NOTICES: We can’t flag all notices here, but more jobs, events and tenders available on our website. See http://www.senscot.net/jobsevents.php This week:
JOBS: Health in Mind, Mayfield and Easthouses Development Trust, Ailsa Horizons Ltd, Scottish Huntington’s Association, ELCAP, North East Arts Touring Ltd, GalGael Trust, Social Care Ideas Factory,
EVENTS: Social Enterprise Exchange, 21 Mar; Ideas that Ripple, Spread and Inspire, 21 Mar; Instant Puppets Workshop (all ages), 27 Mar; Youth Enterprise Nation, 16 Apr;
NETWORKS 1st: Kim writes: Dundee SEN provides a great example of the contribution local social enterprise communities can make to shaping local policy. As a key partner in the production of the Dundee City Councils Social Enterprise Strategy, the SEN now has three representatives on the Council’s Social Enterprise Strategy Board. In addition, it is also in discussions with the Council re the establishment of a new childcare facility in the Lochee area of the city. This will operate as a social enterprise and will have a strong employability element. Also on the horizon is a Social Enterprise Conference – currently being scheduled for September – that will showcase the work of SEs in Dundee and the SEN itself. For further Networks News, see http://se-networks.net/showbull.php?articleid=283
ReadyforBusiness has been delivering the Scottish Govt’s Developing Markets contract since December 2011 – with the objective of embedding the Public Social Partnership (PSP) model, Community Benefit Clauses (CBC) and the use of Social Value throughout public sector commissioning and procurement in Scotland. The ReadyforBusiness consortium has recently been informed that the contract has now been extended until March 2014. To get a flavour of its work and the progress the programme has made, here’s some case studies. See, https://senscot.net/?viewid=13265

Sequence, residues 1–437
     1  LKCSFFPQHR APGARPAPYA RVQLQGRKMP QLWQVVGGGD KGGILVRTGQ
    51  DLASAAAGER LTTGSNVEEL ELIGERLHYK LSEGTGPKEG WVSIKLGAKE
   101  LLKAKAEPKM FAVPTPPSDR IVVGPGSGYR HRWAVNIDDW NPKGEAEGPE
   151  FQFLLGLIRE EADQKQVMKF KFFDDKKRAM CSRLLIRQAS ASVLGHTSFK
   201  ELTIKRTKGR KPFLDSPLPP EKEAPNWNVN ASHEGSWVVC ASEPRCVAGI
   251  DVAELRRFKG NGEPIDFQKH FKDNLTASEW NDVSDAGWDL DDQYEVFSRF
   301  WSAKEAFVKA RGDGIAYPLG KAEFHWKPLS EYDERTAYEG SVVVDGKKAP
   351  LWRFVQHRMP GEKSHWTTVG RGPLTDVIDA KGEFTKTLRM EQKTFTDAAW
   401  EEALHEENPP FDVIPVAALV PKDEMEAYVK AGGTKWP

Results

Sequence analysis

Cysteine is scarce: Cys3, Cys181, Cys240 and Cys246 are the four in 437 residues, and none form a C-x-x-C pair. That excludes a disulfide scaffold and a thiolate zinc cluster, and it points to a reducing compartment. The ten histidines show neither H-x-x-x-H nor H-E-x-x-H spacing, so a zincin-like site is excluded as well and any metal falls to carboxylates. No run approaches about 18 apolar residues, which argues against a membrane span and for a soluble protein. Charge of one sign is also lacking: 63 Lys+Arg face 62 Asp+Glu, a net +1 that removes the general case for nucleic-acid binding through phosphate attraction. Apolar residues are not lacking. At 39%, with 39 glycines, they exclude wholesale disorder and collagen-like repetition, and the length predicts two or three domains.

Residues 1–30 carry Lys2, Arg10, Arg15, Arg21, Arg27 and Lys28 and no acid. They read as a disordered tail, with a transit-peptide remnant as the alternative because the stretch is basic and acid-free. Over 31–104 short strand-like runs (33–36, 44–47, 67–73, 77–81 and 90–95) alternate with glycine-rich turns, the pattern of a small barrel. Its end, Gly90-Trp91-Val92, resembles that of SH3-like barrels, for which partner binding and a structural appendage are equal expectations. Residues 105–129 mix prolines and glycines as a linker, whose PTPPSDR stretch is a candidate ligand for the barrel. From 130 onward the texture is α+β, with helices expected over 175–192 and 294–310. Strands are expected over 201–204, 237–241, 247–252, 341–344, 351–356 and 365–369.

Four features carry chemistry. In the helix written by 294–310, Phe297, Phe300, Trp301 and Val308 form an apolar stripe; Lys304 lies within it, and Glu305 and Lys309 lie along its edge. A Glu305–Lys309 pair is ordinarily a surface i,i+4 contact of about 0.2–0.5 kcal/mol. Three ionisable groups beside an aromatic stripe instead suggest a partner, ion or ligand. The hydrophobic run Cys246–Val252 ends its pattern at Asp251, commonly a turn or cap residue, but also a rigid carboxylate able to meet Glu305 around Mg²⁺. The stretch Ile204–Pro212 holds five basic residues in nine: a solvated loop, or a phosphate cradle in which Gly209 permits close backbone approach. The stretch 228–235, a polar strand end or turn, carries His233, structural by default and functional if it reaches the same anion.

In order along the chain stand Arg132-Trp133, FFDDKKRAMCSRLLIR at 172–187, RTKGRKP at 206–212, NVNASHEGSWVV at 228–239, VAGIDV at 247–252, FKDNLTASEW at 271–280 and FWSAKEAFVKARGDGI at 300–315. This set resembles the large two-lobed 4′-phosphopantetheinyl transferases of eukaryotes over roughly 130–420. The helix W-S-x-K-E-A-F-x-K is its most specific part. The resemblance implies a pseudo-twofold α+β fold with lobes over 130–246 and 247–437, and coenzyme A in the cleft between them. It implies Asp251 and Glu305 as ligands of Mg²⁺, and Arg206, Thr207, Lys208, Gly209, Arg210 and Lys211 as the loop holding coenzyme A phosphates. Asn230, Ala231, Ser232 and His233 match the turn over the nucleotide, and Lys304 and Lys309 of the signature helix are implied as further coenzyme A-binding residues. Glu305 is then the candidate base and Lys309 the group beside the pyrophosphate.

Next month, the Scottish Parliament plays host to an event which will be a first for Scotland’s community sector. Organised by the Scottish Community Alliance, each of Scotland’s community networks is inviting its members to gather in Edinburgh to debate and discuss some of the key issues facing them as well as to celebrate their achievements. Places are limited. Senscot has only got a few tickets to hand out to our more community minded members. For more, see https://senscot.net/?viewid=13271
Next week sees Scotland’s big SE Jamboree – the SE Exchange at the SECC in Glasgow – Thursday, 21st March. Over 800 folk have signed up so far. To book, see http://socialenterpriseexchange.com/programme/
Good news story this week from the village of Gargunnock, near Stirling, where the Community Trust is celebrating the re-opening of their Community Centre after a £500,000 refurbishment project which also saw the Centre transfer ownership from Stirling Council to the community. This marks the end of a 7 year campaign by the community to both take on ownership and the refurbishment of the 150 year old Centre. Congratulations to the folk of Gargunnock. See, https://senscot.net/?viewid=13264
This week’s bulletin profiles a social enterprise in West Lothian that has been part of Firstport’s Ditto pilot. Kidzeco, based in Bathgate, diverts waste from landfill by selling recycled baby and children goods and provides a community hub for families in the area. Kidzeco’s success has seen its ‘model’ being replicated in other parts of the country – such as http://www.merrygoroundglasgow.co.uk/ in Glasgow. On the go since February 2010, Kidzeco has already diverted over 18 tonnes from landfills – picking up a series of awards in the process. For more, see http://www.senscot.net/view_prof.php?viewid=13272
Quote from Nelson Mandela
"In judging our progress as individuals we tend to concentrate on external factors such as one’s social position, influence and popularity, wealth and standard of education … But internal factors may be even more crucial in assessing one’s development as a human being: honesty, sincerity, simplicity, humility, purity, generosity, absence of vanity, readiness to serve your fellow men – qualities within the reach of every soul – are the foundation of one’s spiritual life."
That’s all for this week.
Subscribe to this bulletin: http://www.senscot.net/bsubscribe.php
To unsubscribe or change subscription address/ e-mail firstname.lastname@example.org
Senscot is a Company, registered in Scotland. Company Reg No. 278156: Scottish Charity No. SC 029210